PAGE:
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Virgin Galactic will take passengers aboard SpaceShipTwo as high as 65 miles above the surface of the earth. But from this altitude, passengers will only be able to see a certain segment of the curvature of the earth through windows as large as 17 inches in diameter.

How much further into space would SpaceShipTwo have to travel to give passengers a view of the entire sphere of earth through one of these windows?

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What do you mean by "entire earth"? It's a round object, you can never see its entire surface. Even half of it, it's still not visible at once from any distance (although if you're far enough you see almost half). First clarify what you're asking. –  Florin Andrei Jan 30 '12 at 23:55
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As long as you don't have any mountains above the straight line between your eye and the 'ideal' horizon, you will be able to see 'the full extent', constrained only by the extent of your peripheral vision.

So isn't this question much more around what angle your peripheral vision covers? As soon as you can see to the horizon all round, when looking down, that surely meets the requirements?

Quick calculation done:

Remembered my geometry from 25 years ago:

  • SOHCAHTOA.
  • Right angled triangle.
  • One side 6371 miles.
  • Assuming peripheral vision = 135 degrees, acute angle 28 degrees.
  • Cos 28 = 6371/Hypoteneuse so Hyp = 7215.
  • Subtract 6371 = 844 miles up

this does assume peripheral vision is 135 degrees all round (left, right, up and down) - so feel free to update if that assumption is false

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Exactly my thought. According to en.wikipedia.org/wiki/Human_eye#Field_of_view it looks like the angle for a normal human eye is about 135 degrees or so. Can you calculate what that height corresponds to? –  FrankH Jan 31 '12 at 20:18
    
there you go - think my geometry is right –  Rory Alsop Jan 31 '12 at 20:41
    
Thanks! You already had my +1, maybe you will get more... –  FrankH Jan 31 '12 at 23:00
    
Fascinating! Space tourism has a ways to go. –  SamtheBrand Feb 2 '12 at 22:47
    
Question: 135 degrees corresponds to the angle one can see with or without moving one's eyes? –  SamtheBrand Feb 2 '12 at 22:50
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I'm going to assume that you want to see half of the Earth, as half of the Earth cannot be seen.

First of all, seeing 50% of the Earth isn't really possible, no matter how far away you get. So, I'm going to set as a goal that one can see 45% of the circumference of the Earth, as I doubt anyone would be able to tell the difference once one has gotten that far.

The size of the window doesn't really matter, as one could simply get closer to the window, and any such considerations go away. What does matter is the tangent angles seen from the observer of the Earth.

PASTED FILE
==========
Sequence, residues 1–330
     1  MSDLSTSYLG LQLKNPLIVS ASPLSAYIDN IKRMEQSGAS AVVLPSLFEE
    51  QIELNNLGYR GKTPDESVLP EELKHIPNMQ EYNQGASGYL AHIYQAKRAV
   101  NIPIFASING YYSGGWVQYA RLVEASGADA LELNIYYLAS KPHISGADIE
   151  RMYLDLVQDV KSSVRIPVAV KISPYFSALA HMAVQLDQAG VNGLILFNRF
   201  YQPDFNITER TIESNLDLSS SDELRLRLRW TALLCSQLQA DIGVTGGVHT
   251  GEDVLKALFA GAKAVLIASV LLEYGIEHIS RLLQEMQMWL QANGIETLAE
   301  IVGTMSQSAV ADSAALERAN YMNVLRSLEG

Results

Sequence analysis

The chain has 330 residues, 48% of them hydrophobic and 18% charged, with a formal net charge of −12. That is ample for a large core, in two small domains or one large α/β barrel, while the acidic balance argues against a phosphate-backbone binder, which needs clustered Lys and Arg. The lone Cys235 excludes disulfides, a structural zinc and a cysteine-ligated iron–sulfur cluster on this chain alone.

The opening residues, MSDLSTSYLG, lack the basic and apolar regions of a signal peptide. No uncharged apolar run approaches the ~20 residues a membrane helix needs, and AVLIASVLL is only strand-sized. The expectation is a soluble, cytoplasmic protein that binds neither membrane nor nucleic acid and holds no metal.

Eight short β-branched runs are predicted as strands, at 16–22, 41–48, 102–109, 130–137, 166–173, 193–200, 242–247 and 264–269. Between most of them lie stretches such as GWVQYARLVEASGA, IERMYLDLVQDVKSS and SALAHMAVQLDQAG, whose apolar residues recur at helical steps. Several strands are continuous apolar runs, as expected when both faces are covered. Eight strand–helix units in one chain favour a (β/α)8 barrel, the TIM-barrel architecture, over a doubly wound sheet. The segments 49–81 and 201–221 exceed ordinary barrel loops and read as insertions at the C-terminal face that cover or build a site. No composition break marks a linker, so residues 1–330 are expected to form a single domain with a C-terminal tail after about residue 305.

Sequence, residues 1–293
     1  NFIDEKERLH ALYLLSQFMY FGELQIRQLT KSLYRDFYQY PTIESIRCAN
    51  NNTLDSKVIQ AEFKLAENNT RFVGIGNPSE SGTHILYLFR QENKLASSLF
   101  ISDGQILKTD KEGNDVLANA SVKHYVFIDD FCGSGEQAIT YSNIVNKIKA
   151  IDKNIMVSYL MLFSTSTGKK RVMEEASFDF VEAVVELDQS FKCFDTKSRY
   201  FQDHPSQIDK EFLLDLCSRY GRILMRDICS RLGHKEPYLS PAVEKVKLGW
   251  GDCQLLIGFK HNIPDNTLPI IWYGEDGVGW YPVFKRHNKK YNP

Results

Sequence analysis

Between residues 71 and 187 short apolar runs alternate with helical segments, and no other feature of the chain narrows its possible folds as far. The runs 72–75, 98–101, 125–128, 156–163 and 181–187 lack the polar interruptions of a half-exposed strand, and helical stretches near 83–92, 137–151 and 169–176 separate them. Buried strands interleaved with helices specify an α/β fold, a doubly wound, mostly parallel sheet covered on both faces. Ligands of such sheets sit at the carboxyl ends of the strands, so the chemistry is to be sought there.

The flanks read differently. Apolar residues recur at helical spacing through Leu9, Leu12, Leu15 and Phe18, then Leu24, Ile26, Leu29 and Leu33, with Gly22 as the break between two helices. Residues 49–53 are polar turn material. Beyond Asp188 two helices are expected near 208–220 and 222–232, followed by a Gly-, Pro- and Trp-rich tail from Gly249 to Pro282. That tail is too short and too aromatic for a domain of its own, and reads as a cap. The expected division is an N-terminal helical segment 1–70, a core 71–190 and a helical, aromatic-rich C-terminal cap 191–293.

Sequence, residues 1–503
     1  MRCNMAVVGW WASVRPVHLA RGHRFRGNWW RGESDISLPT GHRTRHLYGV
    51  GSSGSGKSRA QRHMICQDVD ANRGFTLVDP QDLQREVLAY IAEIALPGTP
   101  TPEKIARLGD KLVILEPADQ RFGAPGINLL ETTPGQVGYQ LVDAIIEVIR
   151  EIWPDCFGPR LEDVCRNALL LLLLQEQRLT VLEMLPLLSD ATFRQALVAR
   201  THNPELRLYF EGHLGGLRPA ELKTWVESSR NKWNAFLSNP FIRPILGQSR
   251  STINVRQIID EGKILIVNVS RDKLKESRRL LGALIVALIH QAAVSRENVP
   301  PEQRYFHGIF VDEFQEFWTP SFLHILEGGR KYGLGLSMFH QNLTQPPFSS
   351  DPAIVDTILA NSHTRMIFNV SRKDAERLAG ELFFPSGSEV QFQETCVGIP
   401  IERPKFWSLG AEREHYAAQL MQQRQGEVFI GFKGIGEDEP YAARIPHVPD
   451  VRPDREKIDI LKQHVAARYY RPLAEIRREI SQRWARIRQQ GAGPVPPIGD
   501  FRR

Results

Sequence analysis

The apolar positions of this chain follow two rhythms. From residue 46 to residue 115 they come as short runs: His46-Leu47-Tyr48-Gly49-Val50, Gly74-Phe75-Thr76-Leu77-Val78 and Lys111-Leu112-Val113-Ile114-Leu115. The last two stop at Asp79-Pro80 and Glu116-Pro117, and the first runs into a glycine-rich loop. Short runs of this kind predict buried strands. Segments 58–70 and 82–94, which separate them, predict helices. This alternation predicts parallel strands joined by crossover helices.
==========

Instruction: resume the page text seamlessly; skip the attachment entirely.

The tangent lines to the circle are at angles plus or minus $0.45\pi$. The slope of these lines will be equal to $-\cot\theta$, $x_1=r\cos\theta$, $y_1=r\sin\theta$, $x_1\times x+y_1\times y=r^2$. Solving for $y=0$, setting $r=6,371$ km, $x_1= 0.1564r$, $y_1=0.9877r$ will result in $40,735$ km. This is the distance as measured from the center of the Earth. For reference, the Geosynchronous orbit is $42,164$ km from Earth's center.

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Great answer. Curious why one can't see 50% of the earth at once, or at least 100% of the diameter of the earth. Also, is there a word for the area of a sphere viewable from a point in space? –  SamtheBrand Jan 31 '12 at 1:21
    
Also, in your answer how does 40,735km from the earth's core compare to 65 miles above the surface of the earth? –  SamtheBrand Jan 31 '12 at 1:24
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@SamTheBrand: 50% is impossible, unless you have eyes that are the diameter of the Earth apart. Basically, draw a circle, take the top and bottom of the circle, and draw lines that are perpendicular to the circle. They are parallel, so they never will intersect. As far as your second question, the radius of the earth is 6371 km, so that distance is 34,000 km, give or take, which is much much higher than the 65 mile, over 300 times higher. –  PearsonArtPhoto Jan 31 '12 at 1:27
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So, what you're saying is I'd have to get about 300 times higher than Virgin Galactic and about 1/11 of the way to the moon (at its average distance from Earth) to see the full extent of the visible earth at once? –  SamtheBrand Jan 31 '12 at 1:37
    
@SamTheBrand: It depends a bit on what you mean by the full extent, but yes. –  PearsonArtPhoto Jan 31 '12 at 1:40
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